In the Homegrown Plus series, we present Homegrown concerts that also had accompanying oral history interviews, placing both together in an easy-to-find blog post. (Find the whole series here!) We’re continuing the series with From the Mountains to the Sea: The Folksong Collecting Work of Anne and Frank Warner, an unusual presentation in our series. From the Mountains to the Sea is a two-hour live presentation with multimedia, focusing on the Anne and Frank Warner collection, one of the great treasures in the American Folklife Center archives. The collection contains a wealth of material gathered by the husband-and-wife team of folklorists from 1938 to 1966, as they traveled through rural America in search of old songs. The show is presented by Jeff and Gerret Warner, the sons of Anne and Frank Warner. This performance was held in the Library’s Mumford Room on July 20, 2018. The event was co-sponsored by the Folklore Society of Greater Washington.
Jeff and Gerret got their start as musicians backing up their father on his recordings and performances. They have been renowned performing musicians for more than 50 years. Career musicians and filmmakers, they created this multimedia presentation about the Warner collection, featuring not only their own performances, but also the voices of the singers recorded by their parents across rural America, along with corresponding photographs of the tradition bearers and their homes. It is full of the warmth of the Warners and the country wit of their new friends.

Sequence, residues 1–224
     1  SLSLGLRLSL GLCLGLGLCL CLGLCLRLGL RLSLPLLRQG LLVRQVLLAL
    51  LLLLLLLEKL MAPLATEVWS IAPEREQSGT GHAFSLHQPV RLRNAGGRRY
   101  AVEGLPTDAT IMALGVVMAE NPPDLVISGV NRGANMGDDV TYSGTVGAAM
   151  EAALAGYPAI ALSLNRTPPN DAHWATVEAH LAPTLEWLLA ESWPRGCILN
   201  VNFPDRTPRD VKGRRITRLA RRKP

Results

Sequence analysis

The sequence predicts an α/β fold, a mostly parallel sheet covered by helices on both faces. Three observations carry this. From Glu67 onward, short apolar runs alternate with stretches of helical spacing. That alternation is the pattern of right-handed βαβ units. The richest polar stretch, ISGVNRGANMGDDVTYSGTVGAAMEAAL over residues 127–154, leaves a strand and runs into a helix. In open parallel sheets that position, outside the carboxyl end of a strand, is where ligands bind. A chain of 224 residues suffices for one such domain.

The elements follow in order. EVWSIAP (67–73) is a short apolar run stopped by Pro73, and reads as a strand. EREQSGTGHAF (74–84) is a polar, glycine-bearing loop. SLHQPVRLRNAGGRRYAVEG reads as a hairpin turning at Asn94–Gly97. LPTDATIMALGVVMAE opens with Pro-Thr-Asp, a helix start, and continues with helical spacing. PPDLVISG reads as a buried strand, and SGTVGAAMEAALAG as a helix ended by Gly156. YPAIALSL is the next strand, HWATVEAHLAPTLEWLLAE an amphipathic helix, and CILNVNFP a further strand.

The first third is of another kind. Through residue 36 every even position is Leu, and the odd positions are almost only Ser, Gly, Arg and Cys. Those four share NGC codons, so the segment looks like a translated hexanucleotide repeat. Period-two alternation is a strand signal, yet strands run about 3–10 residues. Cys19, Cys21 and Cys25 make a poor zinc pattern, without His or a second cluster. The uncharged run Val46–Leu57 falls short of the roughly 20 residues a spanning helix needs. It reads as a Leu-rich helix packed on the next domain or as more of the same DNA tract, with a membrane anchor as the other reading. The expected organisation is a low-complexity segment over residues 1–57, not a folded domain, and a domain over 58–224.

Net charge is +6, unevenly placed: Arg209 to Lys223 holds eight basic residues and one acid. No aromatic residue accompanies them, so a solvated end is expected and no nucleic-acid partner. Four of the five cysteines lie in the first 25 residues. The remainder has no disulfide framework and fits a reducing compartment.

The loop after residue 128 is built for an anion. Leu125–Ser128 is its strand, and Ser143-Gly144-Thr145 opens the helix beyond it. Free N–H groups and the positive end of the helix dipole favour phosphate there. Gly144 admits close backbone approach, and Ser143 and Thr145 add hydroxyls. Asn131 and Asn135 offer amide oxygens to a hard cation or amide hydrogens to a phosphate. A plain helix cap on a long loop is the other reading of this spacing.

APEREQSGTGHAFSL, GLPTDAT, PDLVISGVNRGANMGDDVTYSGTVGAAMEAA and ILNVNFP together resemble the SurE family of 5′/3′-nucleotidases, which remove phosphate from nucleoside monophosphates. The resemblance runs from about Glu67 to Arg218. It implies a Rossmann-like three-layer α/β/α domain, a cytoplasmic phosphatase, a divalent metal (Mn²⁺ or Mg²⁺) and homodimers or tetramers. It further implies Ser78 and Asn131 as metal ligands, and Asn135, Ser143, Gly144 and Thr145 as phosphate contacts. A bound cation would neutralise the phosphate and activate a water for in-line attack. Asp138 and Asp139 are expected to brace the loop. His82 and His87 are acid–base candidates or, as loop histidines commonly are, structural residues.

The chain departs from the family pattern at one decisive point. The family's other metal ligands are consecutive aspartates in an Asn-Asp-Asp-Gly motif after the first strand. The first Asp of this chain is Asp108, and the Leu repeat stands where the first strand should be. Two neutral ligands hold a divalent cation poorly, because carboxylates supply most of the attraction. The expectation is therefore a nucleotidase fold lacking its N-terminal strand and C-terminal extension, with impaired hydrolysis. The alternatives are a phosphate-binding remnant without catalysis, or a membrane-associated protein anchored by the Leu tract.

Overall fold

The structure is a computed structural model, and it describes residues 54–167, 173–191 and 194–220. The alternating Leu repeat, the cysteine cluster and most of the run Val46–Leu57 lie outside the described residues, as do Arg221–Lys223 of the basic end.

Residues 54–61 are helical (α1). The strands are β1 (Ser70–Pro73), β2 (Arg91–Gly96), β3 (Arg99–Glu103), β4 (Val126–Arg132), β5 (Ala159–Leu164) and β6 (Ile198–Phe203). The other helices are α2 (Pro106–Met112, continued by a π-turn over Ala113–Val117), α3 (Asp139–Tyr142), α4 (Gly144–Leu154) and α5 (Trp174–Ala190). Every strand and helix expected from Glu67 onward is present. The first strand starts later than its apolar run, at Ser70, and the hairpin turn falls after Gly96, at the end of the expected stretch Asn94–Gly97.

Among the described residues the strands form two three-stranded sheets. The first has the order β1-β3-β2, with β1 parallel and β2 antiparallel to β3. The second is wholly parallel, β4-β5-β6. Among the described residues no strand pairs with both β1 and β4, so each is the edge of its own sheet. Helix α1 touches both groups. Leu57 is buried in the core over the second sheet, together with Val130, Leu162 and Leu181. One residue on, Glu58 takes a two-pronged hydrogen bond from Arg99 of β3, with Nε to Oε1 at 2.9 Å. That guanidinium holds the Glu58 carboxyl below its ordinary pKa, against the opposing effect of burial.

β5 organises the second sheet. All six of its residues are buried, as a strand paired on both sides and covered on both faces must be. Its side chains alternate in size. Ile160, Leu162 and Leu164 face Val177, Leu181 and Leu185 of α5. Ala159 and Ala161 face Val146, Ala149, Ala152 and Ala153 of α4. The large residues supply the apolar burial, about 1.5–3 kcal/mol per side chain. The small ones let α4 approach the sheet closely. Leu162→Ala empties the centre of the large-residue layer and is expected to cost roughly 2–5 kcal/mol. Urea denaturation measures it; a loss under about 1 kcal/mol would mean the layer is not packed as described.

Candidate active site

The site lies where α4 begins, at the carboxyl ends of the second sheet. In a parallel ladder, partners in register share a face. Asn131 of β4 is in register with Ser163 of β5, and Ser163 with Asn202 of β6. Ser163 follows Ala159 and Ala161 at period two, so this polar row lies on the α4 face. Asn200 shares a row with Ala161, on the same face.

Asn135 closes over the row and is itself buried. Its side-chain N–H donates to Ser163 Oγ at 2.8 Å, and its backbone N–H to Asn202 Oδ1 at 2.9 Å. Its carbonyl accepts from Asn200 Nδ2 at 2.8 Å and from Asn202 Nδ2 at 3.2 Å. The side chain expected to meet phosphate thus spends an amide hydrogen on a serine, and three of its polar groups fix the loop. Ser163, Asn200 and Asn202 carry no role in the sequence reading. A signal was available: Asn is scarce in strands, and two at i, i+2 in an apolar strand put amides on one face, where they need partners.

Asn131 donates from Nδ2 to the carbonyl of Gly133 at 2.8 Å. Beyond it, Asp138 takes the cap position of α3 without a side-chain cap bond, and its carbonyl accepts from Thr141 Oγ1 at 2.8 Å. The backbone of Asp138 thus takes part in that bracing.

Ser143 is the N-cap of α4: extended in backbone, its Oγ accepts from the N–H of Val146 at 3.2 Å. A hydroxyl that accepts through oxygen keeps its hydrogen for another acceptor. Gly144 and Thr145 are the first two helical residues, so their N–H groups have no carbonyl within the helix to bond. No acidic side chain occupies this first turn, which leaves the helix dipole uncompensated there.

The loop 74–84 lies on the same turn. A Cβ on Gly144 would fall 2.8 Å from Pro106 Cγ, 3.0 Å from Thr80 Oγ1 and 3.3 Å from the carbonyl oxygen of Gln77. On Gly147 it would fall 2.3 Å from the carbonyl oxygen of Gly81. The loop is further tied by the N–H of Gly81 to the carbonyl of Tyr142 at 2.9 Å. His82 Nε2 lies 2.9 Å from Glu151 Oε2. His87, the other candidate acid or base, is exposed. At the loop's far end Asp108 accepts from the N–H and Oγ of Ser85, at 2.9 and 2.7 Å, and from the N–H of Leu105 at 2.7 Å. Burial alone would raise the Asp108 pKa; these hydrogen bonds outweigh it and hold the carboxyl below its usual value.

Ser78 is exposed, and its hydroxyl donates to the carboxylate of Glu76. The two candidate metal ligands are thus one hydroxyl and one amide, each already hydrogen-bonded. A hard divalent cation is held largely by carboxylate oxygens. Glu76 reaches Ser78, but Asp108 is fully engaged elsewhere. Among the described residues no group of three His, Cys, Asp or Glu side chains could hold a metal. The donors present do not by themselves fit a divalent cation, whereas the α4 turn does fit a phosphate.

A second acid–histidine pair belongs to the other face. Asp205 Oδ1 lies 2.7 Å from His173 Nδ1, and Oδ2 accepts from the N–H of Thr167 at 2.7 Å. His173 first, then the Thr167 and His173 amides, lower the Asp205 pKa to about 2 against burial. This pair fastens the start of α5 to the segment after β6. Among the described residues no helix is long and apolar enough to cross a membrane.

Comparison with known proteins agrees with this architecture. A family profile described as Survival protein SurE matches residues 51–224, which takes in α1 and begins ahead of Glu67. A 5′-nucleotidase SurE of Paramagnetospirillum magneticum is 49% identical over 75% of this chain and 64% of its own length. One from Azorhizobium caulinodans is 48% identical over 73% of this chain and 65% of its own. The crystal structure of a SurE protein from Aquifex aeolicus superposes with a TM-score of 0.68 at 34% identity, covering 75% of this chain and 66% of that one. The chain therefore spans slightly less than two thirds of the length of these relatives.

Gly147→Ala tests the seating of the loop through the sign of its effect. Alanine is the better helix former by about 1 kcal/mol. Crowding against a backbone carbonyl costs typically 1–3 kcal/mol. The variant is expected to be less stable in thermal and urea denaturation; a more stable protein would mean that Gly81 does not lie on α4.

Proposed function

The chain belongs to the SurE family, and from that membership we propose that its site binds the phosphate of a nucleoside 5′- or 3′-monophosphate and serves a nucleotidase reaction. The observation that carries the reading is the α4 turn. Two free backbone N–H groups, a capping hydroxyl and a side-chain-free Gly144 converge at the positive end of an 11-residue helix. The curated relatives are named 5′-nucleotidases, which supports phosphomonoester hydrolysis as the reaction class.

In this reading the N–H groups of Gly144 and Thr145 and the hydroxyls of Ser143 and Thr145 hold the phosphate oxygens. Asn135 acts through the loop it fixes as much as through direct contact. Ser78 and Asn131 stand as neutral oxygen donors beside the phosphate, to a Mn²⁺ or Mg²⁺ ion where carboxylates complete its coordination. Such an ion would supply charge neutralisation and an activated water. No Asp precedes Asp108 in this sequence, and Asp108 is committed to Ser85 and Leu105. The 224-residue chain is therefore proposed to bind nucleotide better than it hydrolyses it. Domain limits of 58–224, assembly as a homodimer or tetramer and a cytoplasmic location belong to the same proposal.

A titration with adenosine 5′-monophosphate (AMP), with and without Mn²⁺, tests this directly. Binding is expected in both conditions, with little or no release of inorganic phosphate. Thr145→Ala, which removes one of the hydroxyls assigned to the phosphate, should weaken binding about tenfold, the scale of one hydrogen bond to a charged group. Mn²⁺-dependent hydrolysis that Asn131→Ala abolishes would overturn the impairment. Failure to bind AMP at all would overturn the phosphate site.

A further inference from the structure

Jeff and Gerret grew up listening to the songs and stories of the traditional singers their parents met during their folksong collecting trips, and they offer valuable insights into the lives and adventures of one of the nation’s most eminent families of folksong collectors. In so doing, they contribute immensely to our understanding of the Warner collection, one of the most important in the American Folklore Center archives.
The Anne and Frank Warner collection contains such seminal field recordings as North Carolina farmer Frank Proffitt’s rendition of the murder ballad “Tom Dooly.” This field recording was adapted and recorded in 1958 by The Kingston Trio, whose version became a number one hit, won the very first Grammy in country music, and set off the folk boom of the 1960s.
Frank Warner was also a popular folksinger, and during this concert the Warners’ sons did AFC the honor of donating his banjo to the Center–a banjo that was signed by a host of luminaries from the world of folklore and American culture.
In the first player, watch From the Mountains to the Sea:
In the oral history, I talked with Jeff and Gerret about the importance of Anne and Frank Warner to American folk music, and they reminisced about their lives interacting with some of the greatest names in folk.
View the oral history in the second player, below:
Jeff and Gerret were also featured in the very first Folklife Today podcast episode, and that interview was recorded at the same time as the oral history above. As an added bonus, find the podcast at this link!
The American Folklife Center’s Homegrown Concert Series brings music, dance, and spoken arts from across the country, and some from further afield, to the Library of Congress. For information on current concerts, visit the Folklife Concerts page at Concerts from the Library of Congress. For past concerts, including links to webcasts and other information, visit the Homegrown Concerts Online Archive.